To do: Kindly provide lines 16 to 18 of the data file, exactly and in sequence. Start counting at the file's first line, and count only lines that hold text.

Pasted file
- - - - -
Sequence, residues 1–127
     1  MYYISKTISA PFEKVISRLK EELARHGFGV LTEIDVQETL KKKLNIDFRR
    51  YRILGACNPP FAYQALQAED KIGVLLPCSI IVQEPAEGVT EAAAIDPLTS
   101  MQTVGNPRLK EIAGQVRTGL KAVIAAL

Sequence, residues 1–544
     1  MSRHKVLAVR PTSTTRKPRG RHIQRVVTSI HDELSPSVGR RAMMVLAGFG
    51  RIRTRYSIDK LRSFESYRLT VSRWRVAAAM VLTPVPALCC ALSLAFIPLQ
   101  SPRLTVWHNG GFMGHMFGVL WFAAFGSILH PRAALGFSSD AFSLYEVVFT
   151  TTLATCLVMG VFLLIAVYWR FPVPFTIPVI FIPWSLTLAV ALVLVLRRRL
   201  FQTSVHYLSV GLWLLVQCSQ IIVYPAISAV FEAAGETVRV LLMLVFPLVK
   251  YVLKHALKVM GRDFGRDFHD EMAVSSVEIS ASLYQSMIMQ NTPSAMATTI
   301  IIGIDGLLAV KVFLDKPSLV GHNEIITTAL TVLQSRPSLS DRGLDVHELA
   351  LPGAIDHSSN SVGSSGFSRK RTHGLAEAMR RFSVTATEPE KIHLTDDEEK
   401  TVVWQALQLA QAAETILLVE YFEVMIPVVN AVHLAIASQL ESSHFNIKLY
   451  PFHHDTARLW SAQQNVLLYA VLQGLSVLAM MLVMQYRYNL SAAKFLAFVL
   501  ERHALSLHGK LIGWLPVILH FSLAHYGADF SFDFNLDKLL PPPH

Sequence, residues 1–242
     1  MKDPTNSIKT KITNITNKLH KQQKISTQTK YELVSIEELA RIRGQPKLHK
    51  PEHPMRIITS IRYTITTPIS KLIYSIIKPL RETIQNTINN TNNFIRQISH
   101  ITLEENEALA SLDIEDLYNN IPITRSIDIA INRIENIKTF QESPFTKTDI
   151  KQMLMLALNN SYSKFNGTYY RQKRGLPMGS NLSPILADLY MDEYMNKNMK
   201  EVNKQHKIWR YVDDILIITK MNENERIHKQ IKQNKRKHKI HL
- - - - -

   501  ERHALSLHGK LIGWLPVILH FSLAHYGADF SFDFNLDKLL PPPH

Sequence, residues 1–242
     1  MKDPTNSIKT KITNITNKLH KQQKISTQTK YELVSIEELA RIRGQPKLHK